At first I didn’t want to write Lori’s Lessons

The idea of writing about fighting a dread disease did not particularly grab me.  Still I agreed to look into it when, a dear friend, the closest thing I have to a sister, called to ask me about doing so.  She forwarded Bob Patin’s email saying people had been after his wife, Lori, to write about “her fight with Parkinson’s,” but Lori wasn’t up to the task because of her disease.  I didn’t think I wanted to dedicate a year of my life to her story, except that something about Bob’s parting sally intrigued me:

It isn’t really a story of Parkinson’s but a story of fighting anything thrown at folks and the kind of attitude, help and processes that all combine to deal with any challenge. Parkinson’s is just the platform for the story.

At Bob’s suggestion, we met in Normal, Illinois, a neutral location halfway between St. Louis where I live and Chicago where the Patins live.  I thought, Here is someone who understands the importance of signifiers.

That day the things the Patins said inspired and intrigued me.   In the future, their words would change my life.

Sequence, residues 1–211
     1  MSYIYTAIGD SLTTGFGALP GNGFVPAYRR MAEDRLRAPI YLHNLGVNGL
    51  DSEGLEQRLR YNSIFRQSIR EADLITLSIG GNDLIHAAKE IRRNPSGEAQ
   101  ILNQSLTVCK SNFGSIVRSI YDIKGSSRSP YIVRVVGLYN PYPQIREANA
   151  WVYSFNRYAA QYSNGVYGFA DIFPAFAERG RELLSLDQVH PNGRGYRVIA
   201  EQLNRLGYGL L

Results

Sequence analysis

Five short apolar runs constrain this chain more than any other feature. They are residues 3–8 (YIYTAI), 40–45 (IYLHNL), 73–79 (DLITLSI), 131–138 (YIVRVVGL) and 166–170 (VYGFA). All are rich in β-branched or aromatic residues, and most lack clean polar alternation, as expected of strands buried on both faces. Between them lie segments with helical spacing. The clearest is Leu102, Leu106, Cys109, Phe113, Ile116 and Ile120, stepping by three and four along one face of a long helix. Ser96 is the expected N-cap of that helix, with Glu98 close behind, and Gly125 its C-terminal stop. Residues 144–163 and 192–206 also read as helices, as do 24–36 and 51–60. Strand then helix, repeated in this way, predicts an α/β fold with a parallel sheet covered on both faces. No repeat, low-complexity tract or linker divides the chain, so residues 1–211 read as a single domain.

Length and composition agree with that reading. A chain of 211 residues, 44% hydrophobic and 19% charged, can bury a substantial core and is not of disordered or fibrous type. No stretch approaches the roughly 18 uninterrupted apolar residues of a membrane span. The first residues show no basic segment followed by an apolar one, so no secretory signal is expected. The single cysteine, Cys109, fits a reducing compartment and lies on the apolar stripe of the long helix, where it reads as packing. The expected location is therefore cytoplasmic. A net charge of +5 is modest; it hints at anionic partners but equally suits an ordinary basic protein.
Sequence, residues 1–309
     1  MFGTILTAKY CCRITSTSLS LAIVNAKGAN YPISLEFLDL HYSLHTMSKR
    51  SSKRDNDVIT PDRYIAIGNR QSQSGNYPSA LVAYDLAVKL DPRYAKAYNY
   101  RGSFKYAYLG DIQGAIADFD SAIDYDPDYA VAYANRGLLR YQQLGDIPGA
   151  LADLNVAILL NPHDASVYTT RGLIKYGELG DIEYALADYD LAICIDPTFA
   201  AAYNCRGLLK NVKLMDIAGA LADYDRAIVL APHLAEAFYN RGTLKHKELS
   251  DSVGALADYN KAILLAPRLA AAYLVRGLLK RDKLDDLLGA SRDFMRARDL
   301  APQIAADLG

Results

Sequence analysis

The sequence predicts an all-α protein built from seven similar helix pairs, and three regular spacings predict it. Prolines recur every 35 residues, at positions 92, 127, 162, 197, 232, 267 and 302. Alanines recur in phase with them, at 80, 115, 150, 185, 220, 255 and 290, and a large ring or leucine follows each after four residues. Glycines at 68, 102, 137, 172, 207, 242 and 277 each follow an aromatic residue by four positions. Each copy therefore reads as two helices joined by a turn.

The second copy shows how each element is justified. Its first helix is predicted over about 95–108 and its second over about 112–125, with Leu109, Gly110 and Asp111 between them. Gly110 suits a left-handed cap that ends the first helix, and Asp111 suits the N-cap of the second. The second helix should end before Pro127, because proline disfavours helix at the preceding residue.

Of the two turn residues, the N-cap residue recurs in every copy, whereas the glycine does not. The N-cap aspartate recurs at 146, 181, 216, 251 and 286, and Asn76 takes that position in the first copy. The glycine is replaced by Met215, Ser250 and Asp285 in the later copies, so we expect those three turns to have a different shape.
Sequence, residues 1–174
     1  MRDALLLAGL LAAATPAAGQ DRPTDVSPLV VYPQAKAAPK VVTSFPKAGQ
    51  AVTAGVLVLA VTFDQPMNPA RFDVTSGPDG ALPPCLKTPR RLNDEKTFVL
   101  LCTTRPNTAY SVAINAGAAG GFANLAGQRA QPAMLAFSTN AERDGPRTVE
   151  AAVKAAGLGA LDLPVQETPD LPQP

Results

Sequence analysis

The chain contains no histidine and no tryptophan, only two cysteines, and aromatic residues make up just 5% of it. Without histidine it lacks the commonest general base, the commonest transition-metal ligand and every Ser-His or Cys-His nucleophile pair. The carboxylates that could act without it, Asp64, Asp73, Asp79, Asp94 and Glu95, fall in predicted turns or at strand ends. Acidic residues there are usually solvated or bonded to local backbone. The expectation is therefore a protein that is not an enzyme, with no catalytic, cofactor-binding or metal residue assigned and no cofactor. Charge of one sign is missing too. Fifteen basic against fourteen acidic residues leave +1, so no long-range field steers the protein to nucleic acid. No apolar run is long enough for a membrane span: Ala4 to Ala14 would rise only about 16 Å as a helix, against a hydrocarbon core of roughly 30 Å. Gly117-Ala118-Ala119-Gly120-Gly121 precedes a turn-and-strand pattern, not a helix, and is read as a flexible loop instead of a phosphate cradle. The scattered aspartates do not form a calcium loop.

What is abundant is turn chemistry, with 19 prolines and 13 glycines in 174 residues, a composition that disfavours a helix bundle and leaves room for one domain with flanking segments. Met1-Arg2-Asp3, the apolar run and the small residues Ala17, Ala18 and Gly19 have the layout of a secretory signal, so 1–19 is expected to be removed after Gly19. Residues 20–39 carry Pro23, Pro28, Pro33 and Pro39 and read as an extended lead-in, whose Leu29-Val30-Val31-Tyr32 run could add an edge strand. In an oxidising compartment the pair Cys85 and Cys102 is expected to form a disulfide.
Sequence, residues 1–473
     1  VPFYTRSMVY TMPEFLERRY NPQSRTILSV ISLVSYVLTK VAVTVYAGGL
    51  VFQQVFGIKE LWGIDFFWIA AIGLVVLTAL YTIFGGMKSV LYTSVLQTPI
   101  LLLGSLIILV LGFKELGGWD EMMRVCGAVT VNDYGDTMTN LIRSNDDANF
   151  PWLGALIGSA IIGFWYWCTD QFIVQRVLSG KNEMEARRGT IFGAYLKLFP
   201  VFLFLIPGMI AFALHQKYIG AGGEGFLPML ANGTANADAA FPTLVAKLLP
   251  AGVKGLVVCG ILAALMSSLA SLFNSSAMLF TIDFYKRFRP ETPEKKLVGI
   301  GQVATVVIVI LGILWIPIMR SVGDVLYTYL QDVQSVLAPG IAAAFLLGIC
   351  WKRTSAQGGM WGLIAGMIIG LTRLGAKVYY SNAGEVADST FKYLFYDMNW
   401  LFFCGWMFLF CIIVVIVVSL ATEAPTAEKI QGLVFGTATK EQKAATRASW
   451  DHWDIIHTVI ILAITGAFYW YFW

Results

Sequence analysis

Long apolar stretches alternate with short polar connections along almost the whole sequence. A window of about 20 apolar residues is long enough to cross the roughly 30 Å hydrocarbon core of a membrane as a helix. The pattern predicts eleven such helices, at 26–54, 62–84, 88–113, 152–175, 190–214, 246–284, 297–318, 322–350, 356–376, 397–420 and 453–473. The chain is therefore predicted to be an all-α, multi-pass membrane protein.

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Lori told me: “I am a lucky person within an unlucky situation.”  Lucky? to be struck by this cruel fate?  She went on to say, “The best thing is how it has pulled my family together.”  The best thing?  There are other good things about Parkinson’s? 

Bob said, “This disease is a teacher, and both Lori and I have surely struggled with some of the lessons, but we have learned the hard ones.”  A disease teaches you?  He also told me that Parkinson’s “is a precious gift that I could not have anticipated.”  A gift? this terrible debilitating disease?

How deeply they care for each other.  Lori’s Lesson’s is not just her story, but it is their story.  Lori said, on learning she had PD, “My first reaction was: I was scared for Bob.”  Not for herself?   Bob doesn’t just say how much he loves her, he washes and blow-dries her hair every morning.  Lucky lady.

The book would be much more than their personal struggles.  Lori said, “I have a feeling God wants me to do something with this.”  Bob said he believed their story has “An intent, a purpose, it’s meant to be.  We are being shaped by something more powerful than we know.”

I am so blessed to know the Patins and to tell their story, especially meeting them just as I was faced with my own terrible, medical challenge.

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